Spritz cookies that have a delicate buttery crumble and are filled with a delicious apricot jam. This classic recipe is flexible in that you can substitute any fruit jam you like.
Classic spritz cookies are easy to make and contain the perfect amount of sweetness. When I worked at a European bakery in high school, these always flew off the shelf. So if you have a cookie exchange coming up, these make a great treat to include!
Pick your favorite pipe design or make fun shapes, this recipe is completely customizable all the way down to the filling. I’m a big fan of apricots, so I’ll show you how to make a simple, yet flavorful, homemade jam to add to the middle of each cookie. Let’s get baking!
How to make spritz cookies
- Preheat oven to 350ºF (177ºC).
- Line baking sheet pans with parchment paper.
- Cream butter and sugar in an electric mixer on medium speed until fluffy.
- Beat in salt, vanilla extract, and egg.
- Incorporate cake flour until just mixed.
- Transfer cookie dough to a pastry bag fitted with a star tip.
- Pipe the cookies into a wreath shape.
- Make an indent in the center and fill with jam.
- Bake until lightly brown on the edges, transfer to a cooling rack.
Properly incorporating the butter
Use butter that’s softened to just below room temperature, 60 to 70ºF (15ºC to 21ºC). This gives the cookies structure and keeps them light and crisp since there’s no baking soda or powder in the recipe.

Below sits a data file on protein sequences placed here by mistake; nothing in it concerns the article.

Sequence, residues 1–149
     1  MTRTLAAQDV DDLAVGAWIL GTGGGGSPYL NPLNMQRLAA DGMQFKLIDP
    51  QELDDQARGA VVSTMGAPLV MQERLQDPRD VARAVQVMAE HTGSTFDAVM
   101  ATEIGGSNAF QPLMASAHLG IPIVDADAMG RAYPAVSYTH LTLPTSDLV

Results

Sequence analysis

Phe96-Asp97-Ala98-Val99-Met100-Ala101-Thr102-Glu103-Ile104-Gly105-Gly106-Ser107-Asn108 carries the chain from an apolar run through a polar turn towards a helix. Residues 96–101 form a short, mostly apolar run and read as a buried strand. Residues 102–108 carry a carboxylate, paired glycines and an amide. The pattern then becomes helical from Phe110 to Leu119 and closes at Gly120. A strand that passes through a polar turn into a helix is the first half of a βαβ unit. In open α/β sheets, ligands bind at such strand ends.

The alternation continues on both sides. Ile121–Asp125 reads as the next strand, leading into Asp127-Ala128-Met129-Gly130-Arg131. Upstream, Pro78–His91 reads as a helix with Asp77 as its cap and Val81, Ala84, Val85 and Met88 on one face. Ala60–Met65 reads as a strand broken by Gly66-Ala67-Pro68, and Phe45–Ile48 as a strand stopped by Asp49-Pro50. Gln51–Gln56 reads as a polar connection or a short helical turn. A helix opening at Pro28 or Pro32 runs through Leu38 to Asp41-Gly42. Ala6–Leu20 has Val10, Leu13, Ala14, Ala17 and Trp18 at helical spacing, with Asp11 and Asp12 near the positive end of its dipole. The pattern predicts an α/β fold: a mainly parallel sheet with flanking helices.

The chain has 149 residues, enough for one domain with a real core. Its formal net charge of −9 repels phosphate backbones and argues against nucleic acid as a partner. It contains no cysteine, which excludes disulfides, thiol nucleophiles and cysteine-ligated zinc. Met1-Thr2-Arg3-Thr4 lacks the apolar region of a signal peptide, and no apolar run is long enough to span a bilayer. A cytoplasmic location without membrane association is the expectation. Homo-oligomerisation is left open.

To prevent unwanted cookie spread on a sheet pan, be careful not to over cream the butter with the sugar. These cookies should hold their shape as they bake compared to a chocolate chip cookie where some expansion is desirable.
Use cake flour for a delicate texture
For spritz cookie that’s slightly crisp on the outside, yet effortlessly crumbles as you nibble, use cake flour. Due to the lower amount of protein compared to all-purpose flour (6 to 8% vs 10 to 13%) it gives a more delicate texture to the cookie.
The amount of protein contained in the flour and how it contributes to gluten formation is an important aspect of the texture. Typically the higher the amount of protein, the greater the flour’s gluten-forming potential, and tougher the cookie.
Piping the cookie design
To create a wreath shape with ridges, use a large piping bag and an 824-sized star tip . You can also use a round tip to create a thumbprint style. Start from the center and connect the cookie dough back in the middle. Add an indent with your finger or use the back of a measuring spoon so that you have a place to add the jam. If you have a cookie press, that works too.
Fruit Filling selection
When I first developed this recipe, apricots were in season, so I created a simple apricot ginger jam. Making homemade jams and jellies are a nice way to capture the flavors of the season. However, for a quick and effortless substitution you can buy pre-made jam or any filling flavor of your choice.
Customize this spritz cookies recipe
- Use almond extract or peppermint extract instead of vanilla.
- A few drops of food coloring to make festive colored cookies.
- Dust powdered sugar or sprinkles on top.
- Instead of fruit, add chocolate ganache in the center.
- Strawberry, raspberry, or grape jam or jelly are tasty fillings.